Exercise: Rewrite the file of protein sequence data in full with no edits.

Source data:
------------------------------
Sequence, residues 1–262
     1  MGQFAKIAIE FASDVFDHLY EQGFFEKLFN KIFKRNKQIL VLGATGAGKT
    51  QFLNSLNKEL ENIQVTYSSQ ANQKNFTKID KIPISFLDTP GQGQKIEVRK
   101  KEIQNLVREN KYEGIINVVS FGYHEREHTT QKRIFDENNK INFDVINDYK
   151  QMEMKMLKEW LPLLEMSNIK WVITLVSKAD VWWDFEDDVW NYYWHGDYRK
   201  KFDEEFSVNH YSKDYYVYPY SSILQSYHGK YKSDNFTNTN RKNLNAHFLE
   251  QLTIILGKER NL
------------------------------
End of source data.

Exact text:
Sequence, residues 1–262
     1  MGQFAKIAIE FASDVFDHLY EQGFFEKLFN KIFKRNKQIL VLGATGAGKT
    51  QFLNSLNKEL ENIQVTYSSQ ANQKNFTKID KIPISFLDTP GQGQKIEVRK
   101  KEIQNLVREN KYEGIINVVS FGYHEREHTT QKRIFDENNK INFDVINDYK
   151  QMEMKMLKEW LPLLEMSNIK WVITLVSKAD VWWDFEDDVW NYYWHGDYRK
   201  KFDEEFSVNH YSKDYYVYPY SSILQSYHGK YKSDNFTNTN RKNLNAHFLE
   251  QLTIILGKER NL